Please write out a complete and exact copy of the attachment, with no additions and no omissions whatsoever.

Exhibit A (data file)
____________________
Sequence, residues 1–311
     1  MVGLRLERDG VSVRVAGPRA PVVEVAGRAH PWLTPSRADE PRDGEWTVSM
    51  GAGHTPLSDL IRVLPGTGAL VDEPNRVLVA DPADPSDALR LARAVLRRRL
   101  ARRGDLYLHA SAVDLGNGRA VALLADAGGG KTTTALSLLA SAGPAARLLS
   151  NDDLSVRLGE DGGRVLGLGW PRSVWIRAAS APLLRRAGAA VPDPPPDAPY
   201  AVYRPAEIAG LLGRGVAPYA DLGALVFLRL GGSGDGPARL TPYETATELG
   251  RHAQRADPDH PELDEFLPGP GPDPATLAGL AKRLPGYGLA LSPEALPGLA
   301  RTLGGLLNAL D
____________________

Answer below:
Sequence, residues 1–311
     1  MVGLRLERDG VSVRVAGPRA PVVEVAGRAH PWLTPSRADE PRDGEWTVSM
    51  GAGHTPLSDL IRVLPGTGAL VDEPNRVLVA DPADPSDALR LARAVLRRRL
   101  ARRGDLYLHA SAVDLGNGRA VALLADAGGG KTTTALSLLA SAGPAARLLS
   151  NDDLSVRLGE DGGRVLGLGW PRSVWIRAAS APLLRRAGAA VPDPPPDAPY
   201  AVYRPAEIAG LLGRGVAPYA DLGALVFLRL GGSGDGPARL TPYETATELG
   251  RHAQRADPDH PELDEFLPGP GPDPATLAGL AKRLPGYGLA LSPEALPGLA
   301  RTLGGLLNAL D